The launching of a new Middle East peace plan in Switzerland in early December attracted more than the usual number of luminaries. Former President Jimmy Carter attended the ceremony to offer passionate support for the so-called Geneva Accord, and a host of former and current diplomats, including UN Secretary General Kofi Annan and Nelson Mandela, added their backing as well. The star power in attendance was a testament to the ambitious scope of this new proposal, and it reflected as well growing frustration with the seemingly directionless “road map.”
The Geneva Accord, engineered by former Israeli Justice Minister Yossi Beilin and former Palestinian Authority negotiator Yasir Abed-Rabbo, is a detailed blueprint for a resolution to the conflict.It seeks to overcome the chief defect of the Oslo process and the road map by settling the most difficult issues right away, rather than putting them off to “final status” talks. Thus it calls for a two-state solution based on near-total Israeli withdrawal from the territories, a division of Jerusalem and the resettlement of most refugees in the new Palestinian state. The agreement also calls for an international force to guarantee implementation and oversight.
The media flurry and high-level maneuvering surrounding the accord may seem odd for what is, after all, merely a “virtual” agreement, signed by ousted politicians with little popular support. But it must be seen in the context of a conflict that has exhausted both sides. After three debilitating years of violence, a spirit of hopelessness has seemed all-pervasive. George W. Bush vowed last June that he would “ride herd” on both parties to make sure they adhered to the road map. Instead, he did next to nothing. Ariel Sharon has refused to halt settlement activity, assassinations or construction of the so-called separation wall, which, according to UN projections, will illegally annex up to 15 percent of Palestinian territory and in effect imprison hundreds of thousands of Palestinians. By August, the Islamists ended their cease-fire with the resumption of suicide bombings.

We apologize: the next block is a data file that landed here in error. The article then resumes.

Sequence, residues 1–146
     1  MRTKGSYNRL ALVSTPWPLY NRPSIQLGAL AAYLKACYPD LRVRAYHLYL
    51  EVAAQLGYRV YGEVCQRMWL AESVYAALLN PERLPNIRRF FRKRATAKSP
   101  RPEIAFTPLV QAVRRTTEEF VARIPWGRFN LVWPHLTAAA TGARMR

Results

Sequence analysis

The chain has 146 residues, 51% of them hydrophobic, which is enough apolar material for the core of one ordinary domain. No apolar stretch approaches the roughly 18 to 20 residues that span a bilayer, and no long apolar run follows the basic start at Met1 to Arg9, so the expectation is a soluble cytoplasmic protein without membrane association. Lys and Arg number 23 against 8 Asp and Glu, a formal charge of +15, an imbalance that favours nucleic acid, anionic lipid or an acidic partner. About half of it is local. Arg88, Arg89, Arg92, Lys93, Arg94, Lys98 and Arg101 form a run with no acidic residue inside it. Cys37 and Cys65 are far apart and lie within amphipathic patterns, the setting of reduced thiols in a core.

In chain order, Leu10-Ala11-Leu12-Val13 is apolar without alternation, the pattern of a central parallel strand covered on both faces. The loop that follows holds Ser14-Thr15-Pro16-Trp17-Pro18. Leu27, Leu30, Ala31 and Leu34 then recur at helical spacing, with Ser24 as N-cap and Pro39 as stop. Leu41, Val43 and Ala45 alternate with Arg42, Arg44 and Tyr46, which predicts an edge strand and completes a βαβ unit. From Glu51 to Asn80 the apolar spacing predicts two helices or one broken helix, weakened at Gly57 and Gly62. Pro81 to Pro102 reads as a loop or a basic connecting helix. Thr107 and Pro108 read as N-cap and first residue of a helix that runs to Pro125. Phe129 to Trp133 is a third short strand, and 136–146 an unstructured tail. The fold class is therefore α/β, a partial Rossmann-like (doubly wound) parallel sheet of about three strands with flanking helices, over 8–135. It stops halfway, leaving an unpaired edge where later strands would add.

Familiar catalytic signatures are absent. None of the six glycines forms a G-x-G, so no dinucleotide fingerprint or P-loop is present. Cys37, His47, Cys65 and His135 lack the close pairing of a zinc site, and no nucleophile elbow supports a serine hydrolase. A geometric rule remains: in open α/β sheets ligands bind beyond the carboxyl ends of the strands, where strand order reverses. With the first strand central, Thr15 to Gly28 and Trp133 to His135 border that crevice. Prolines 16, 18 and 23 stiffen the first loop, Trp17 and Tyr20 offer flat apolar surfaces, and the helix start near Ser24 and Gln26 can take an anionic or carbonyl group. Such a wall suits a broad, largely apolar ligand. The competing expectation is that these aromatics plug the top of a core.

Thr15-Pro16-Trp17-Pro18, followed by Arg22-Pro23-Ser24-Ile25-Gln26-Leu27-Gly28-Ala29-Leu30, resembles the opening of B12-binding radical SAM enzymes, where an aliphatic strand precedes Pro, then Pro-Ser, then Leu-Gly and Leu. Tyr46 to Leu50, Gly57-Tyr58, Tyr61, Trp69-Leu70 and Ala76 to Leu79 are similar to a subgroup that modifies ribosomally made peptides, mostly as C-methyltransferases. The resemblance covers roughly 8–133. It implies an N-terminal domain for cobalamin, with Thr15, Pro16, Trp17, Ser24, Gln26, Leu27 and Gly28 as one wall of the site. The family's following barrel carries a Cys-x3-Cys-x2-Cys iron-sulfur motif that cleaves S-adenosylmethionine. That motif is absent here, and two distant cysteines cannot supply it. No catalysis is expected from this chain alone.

And yet, even as there seemed to be no exit from the endless conflict, there were fresh stirrings of dissent within Israel, and not all of them from the peace camp. In September a group of Israeli Air Force pilots announced that they would no longer participate in the assassinations in the territories. Moshe Ya’alon, the army chief of staff–the same man who last year declared that Israel should “sear deep into the consciousness of Palestinians that they are a defeated people”–said that Israel’s repressive policies (which the United States is now consciously emulating in Iraq) “are working against our strategic interests.”
Soon afterward, four former heads of Israel’s General Security Service, or Shabak, representing among them almost two decades of leading the country’s most feared and ruthless apparatus of counterterrorism and repression, publicly criticized the direction of government leadership in harsh, almost apocalyptic terms. One of them, Ami Ayalon, said, “We are taking very sure and measured steps to a point where the State of Israel will not be a democracy or a home for the Jewish people.” Carmi Gillon added, “It is clear to me that we are heading for a crash.” These voices have buttressed the left’s warning that under Sharon, Israel is committing moral and economic suicide by pursuing an ultra-Zionist dream of conquering the West Bank, and that in the process it is destroying the more moderate Zionist vision of a secure homeland for the Jewish people.